Review: ‘Let the Right One In’ blends romance, horror

Movie lovers may be looking for a romance film this weekend but want something other than a Nicholas Sparks induced gush trip. Romance films are nice, but viewers often want more edge to their cinematic selections. In the immortal words of Monty Python, “and now for something completely different,” queue a 2008 film named “Let the Right One In,” based on the novel of the same name from 2004.

A fairly straightforward coming-of-age story, “Let the Right One In” is about Oskar, a boy living in the suburbs of Stockholm, Sweden, who struggles with bullies and live with his single mother. As most of these stories go, his life changes when a semi-reclusive new girl, named Eli, and her father-like guardian, Håkan, move in next door. What he eventually finds over the course of the film is that Eli is a vampire. As their relationships grows, an alcoholic named Locke deals with the disappearance of his friend, and later seeks revenge following an attack on his girlfriend.

One of the things that makes “Let the Right One In” interesting to watch is how the violence and other horrific elements are both explicit and implied, which is helped by its limited use of blood and gore make up and how things are often handled with a relatively light touch, thus creating a sense of ambiguity that adds to the movie’s presentation.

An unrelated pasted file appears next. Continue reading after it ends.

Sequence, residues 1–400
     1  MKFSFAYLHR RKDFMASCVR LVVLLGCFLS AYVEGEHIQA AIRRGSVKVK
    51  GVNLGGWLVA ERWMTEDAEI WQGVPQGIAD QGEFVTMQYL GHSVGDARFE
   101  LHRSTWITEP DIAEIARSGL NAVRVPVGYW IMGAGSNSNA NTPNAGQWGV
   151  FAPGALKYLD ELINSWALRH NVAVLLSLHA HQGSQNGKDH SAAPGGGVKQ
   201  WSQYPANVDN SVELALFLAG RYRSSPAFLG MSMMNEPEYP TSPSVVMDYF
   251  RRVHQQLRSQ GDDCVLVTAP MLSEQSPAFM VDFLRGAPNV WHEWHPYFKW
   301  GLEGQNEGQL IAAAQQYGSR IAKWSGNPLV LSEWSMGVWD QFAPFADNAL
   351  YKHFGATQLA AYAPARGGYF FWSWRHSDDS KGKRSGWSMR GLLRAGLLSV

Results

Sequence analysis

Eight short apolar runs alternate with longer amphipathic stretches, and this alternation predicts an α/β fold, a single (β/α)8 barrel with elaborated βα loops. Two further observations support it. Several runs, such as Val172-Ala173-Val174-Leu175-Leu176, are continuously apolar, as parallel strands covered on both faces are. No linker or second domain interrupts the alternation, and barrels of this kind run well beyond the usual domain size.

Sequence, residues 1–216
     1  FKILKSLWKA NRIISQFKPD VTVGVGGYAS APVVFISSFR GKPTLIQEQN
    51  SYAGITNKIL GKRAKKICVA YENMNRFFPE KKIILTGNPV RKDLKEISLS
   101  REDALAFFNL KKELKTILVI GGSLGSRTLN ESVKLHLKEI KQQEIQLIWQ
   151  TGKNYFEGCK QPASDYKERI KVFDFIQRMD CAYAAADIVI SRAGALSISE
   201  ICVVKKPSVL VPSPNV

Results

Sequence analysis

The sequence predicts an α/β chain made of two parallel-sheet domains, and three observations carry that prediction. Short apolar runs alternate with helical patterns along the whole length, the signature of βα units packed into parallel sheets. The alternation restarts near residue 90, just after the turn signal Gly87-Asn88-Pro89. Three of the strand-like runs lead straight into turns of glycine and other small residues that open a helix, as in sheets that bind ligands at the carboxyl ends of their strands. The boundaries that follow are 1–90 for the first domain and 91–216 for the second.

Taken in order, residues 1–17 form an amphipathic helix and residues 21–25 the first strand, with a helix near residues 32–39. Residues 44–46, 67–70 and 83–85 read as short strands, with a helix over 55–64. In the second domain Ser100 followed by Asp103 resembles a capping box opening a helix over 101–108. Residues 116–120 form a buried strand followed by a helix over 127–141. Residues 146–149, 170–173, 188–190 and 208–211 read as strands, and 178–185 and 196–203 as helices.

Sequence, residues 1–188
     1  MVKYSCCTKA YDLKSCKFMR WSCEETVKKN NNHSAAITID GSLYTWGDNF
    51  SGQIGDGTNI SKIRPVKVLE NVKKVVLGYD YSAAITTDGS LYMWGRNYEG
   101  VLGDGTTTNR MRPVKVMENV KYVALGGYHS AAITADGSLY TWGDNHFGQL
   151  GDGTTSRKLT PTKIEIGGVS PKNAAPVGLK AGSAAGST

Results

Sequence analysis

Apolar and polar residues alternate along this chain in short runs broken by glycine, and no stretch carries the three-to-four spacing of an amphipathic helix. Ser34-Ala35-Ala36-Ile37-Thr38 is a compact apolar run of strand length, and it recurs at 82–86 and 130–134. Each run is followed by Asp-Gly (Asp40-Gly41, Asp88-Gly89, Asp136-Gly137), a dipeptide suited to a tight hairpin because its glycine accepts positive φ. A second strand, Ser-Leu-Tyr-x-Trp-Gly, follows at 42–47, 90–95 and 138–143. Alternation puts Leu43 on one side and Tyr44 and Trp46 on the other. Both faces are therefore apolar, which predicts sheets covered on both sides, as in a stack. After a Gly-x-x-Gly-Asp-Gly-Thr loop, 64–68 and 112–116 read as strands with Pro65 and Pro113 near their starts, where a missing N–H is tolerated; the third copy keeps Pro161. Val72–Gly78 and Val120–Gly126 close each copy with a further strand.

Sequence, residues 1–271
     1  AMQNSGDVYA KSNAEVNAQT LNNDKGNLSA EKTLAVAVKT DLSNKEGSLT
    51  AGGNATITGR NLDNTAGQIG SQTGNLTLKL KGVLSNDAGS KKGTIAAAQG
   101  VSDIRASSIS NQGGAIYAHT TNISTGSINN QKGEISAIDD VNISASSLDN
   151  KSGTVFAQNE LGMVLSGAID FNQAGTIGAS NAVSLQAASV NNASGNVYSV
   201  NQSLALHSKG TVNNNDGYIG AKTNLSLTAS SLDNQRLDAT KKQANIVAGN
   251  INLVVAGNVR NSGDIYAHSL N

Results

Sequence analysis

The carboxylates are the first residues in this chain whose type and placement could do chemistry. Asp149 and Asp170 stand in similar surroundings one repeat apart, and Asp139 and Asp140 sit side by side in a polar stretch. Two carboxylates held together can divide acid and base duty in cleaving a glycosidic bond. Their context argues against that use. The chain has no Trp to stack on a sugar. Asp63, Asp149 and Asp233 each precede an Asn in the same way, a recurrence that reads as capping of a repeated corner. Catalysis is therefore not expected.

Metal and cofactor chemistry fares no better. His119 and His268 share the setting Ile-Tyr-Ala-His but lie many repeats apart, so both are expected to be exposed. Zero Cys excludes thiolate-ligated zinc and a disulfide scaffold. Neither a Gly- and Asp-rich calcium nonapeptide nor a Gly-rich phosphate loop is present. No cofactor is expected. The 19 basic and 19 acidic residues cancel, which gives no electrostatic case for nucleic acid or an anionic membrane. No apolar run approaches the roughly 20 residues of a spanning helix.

However, this is definitely a violent and bloody tale, but it does not go over the top with its violence. Another aspect that makes “Let the Right One In” standout is the mildly refreshing way vampires are presented. Portrayed in a way that initially might be dull, the mundane presentation might actually make it scarier for some.

The vampire, as contrasted to many popular incarnations, is relatable to many. The Eli does not stand out in a crowd, unless you mistakenly offer to do a blood bond with her turning her from a seemingly normal 12-year-old to a vicious animal.

In general, the performances are good and the acting is understated enough to give this movie a grounded, down to earth portrayal. While the child actors perform surprisingly well, some adult actors perform better than others. Not that there are necessarily outright bad performances, but some stand out more than others, due to the fact that certain characters have –to put it lightly – bad things happened to them.

“Let the Right One In” is a decent choice for an alternative Valentine’s Day showing, especially for those more into dark tales and horror films. The only thing to keep in mind is that it is a Swedish film and is on Netflix currently for those who might be interested.

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